International trade can be a risky business at the best of times even in the most developed markets, but Canadian exporters need to be extra vigilant when venturing into emerging markets where the political risk may be more difficult to discern and deal with.

The challenge has become more pronounced as Canadian companies increasingly look to diversify their trade with faster growing emerging markets.

While political risk is unavoidable in the global marketplace, risk also comes with reward. These emerging markets are becoming major consumption hubs with attractive opportunities for Canadian businesses.

Common types of political risks

To better understand the impact that certain political risks can have on your business, let’s look at three of the most common types and real-world examples.

1. Expropriation/government interference

This risk measures the likelihood of government action or weak governance conditions having a significant impact on a country’s commercial environment.

Real-world example: Following a coup attempt in 2016, the Turkish government targeted those domestic companies associated with the Gulen movement, which it claims was behind the attempt. The actions have included arbitrary impositions of regulatory requirements up to outright expropriation. The impact to Canadian companies has been that they have needed to add a further level of counterparty due diligence to any business dealings with Turkish companies to determine their relationship with the government.

2. Transfer and Conversion

Measures the likelihood of a government imposing conversion or transfer restrictions, which would significantly affect the commercial environment.

Real-world example: Faced with an economic and financial crisis, Lebanon has been looking at formally instituting capital controls to conserve the limited foreign exchange reserves that remain in the country. This would significantly impede Canadian companies doing business in Lebanon to transfer funds out of the country.

3. Political violence

Political violence is defined as any violent or hostile acts undertaken with the primary objective of either changing or overthrowing the government of the country or changing its policies.

Real-world example: A recent example of political violence is the conflict in Ukraine. Russia’s invasion of the country in early 2022 has significantly increased the risk to Canadian companies operating in Ukraine. Political violence can also take the form of social unrest as seen by recent events in Pakistan.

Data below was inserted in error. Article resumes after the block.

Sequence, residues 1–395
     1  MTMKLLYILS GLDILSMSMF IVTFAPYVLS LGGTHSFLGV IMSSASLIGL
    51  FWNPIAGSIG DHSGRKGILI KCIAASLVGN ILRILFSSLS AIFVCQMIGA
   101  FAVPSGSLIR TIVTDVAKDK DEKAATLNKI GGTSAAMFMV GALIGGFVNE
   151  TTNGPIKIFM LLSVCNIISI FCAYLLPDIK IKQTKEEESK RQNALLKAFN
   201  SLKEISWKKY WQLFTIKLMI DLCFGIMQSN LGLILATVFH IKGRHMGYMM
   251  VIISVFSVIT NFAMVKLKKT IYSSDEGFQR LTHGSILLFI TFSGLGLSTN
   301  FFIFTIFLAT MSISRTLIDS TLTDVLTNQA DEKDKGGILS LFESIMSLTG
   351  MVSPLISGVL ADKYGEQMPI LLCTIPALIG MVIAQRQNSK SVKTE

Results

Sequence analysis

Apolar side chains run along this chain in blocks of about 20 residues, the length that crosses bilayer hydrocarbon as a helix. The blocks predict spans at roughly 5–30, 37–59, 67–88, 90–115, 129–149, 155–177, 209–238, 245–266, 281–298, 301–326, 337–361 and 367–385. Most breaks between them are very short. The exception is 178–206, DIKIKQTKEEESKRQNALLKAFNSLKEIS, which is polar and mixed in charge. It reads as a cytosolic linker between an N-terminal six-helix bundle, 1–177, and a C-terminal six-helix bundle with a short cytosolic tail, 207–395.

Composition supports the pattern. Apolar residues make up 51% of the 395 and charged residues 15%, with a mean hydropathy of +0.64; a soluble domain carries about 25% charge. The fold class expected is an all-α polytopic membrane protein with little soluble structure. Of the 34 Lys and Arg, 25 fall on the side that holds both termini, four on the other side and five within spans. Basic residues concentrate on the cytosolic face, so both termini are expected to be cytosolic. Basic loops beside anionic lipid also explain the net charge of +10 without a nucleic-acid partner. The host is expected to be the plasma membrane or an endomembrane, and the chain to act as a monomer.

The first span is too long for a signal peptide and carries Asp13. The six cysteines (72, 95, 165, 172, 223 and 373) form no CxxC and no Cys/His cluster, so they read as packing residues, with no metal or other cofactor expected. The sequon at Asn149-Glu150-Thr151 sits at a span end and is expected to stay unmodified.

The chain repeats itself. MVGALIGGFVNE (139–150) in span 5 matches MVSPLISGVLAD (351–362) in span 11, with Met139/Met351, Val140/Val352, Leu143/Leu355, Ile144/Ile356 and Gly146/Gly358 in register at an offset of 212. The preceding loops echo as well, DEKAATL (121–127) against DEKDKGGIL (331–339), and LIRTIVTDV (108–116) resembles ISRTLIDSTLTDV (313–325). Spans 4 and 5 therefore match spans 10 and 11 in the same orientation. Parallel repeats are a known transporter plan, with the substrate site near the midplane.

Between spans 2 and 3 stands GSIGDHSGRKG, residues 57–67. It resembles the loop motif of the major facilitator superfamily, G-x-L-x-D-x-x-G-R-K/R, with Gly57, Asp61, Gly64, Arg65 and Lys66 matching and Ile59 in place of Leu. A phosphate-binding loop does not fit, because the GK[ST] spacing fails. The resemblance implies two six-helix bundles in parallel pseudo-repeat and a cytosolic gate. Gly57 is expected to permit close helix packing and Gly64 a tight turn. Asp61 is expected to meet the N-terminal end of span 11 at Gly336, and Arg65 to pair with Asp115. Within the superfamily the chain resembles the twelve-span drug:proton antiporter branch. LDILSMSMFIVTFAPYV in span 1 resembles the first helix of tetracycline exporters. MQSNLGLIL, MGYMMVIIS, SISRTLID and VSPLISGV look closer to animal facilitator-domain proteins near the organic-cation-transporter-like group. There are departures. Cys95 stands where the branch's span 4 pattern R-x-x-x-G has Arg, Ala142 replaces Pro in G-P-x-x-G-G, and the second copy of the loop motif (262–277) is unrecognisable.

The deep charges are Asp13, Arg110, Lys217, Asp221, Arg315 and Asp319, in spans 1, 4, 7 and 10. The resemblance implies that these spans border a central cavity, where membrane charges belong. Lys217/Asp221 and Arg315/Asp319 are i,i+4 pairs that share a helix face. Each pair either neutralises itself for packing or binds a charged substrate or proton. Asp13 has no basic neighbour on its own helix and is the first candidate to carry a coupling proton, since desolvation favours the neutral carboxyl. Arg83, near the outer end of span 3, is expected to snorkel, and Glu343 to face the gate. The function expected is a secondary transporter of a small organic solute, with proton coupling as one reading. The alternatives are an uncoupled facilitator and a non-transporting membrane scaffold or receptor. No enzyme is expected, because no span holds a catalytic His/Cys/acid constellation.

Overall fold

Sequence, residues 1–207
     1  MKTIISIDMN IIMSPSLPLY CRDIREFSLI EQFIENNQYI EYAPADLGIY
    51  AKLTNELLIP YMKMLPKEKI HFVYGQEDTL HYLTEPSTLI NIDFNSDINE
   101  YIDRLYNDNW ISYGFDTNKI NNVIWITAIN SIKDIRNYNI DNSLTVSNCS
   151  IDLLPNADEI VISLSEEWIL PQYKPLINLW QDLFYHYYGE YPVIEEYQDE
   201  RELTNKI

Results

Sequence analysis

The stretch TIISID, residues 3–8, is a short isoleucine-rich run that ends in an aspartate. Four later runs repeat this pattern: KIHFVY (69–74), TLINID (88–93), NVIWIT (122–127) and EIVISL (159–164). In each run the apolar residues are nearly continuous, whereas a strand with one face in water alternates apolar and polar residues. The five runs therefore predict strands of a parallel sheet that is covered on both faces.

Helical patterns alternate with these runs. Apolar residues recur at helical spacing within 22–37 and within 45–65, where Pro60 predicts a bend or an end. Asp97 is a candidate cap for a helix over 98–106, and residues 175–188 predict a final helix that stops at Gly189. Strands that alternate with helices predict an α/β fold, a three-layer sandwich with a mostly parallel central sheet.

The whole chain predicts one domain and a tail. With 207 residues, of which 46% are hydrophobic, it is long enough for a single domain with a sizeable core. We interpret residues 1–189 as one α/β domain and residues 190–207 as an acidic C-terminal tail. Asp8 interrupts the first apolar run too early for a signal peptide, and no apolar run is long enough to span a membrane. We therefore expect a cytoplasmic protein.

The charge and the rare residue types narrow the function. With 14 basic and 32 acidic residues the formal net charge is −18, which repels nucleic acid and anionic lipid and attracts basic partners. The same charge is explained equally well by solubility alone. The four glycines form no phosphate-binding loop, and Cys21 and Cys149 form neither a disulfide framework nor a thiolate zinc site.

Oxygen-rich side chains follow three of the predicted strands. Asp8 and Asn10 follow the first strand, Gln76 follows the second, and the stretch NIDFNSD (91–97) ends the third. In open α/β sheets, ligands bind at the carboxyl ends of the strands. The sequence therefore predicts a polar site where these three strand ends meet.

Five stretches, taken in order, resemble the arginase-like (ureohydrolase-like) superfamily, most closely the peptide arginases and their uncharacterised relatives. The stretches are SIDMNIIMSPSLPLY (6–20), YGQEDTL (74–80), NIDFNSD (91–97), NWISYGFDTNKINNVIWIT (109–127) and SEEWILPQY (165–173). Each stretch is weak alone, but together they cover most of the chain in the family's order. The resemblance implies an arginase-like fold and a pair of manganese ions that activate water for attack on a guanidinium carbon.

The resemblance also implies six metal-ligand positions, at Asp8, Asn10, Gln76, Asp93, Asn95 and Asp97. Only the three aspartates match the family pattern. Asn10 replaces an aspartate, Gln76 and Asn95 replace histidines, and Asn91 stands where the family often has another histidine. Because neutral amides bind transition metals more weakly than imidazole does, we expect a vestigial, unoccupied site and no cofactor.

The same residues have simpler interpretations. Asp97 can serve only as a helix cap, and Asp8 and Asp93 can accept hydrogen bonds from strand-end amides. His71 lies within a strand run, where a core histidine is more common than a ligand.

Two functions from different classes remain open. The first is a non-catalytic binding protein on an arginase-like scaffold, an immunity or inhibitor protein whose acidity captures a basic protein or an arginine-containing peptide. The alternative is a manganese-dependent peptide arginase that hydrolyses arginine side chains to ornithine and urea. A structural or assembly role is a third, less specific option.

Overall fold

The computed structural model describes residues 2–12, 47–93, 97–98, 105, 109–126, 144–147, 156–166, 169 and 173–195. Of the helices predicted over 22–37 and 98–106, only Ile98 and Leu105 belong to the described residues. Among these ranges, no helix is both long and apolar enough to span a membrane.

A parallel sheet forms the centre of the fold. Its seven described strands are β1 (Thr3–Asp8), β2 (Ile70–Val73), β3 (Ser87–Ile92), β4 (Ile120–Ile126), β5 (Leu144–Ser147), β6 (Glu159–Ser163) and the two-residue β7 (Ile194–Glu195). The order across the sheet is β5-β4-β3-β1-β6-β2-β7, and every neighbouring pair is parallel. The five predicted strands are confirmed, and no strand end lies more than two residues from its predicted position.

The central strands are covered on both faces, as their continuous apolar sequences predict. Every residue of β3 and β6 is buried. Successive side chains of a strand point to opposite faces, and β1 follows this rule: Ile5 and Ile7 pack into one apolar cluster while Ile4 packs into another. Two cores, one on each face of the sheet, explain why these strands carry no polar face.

Preparing and protecting yourself against political risk

The impact of any one of these events on a Canadian exporter’s business is unlikely to be isolated or short-lived, and may ripple across the entire company, aggravating other types of risk all the way back to Canada.

So, how can Canadian exporters prepare for what may be sudden and unexpected political risks?

  • Due diligence, ongoing research and political risk analysis are perhaps the most important foundational elements of any emerging market business strategy. Speak with EDC and the Canadian Trade Commissioner Service who have experts on the ground in most emerging markets.
  • Consider diversifying your overseas investments, so that all your risk isn’t concentrated in just one or two emerging markets. Have a clear and current political risk mitigation strategy based on the “what ifs” in your market. Know ahead of time how you’ll respond to a range of risks.
  • If possible, involve your key external stakeholders in political risk mitigation. Brief customers, suppliers and agents on your contingency plans for dealing with unexpected political risk and if appropriate, co-ordinate your risk response.
  • Recovering from an adverse political event is likely to be quicker and easier if you prepared for it ahead of time and can co-ordinate your response with your most important stakeholders.

Trading in emerging markets can be daunting, which is why having a detailed plan and risk mitigation strategy in place from the outset is essential.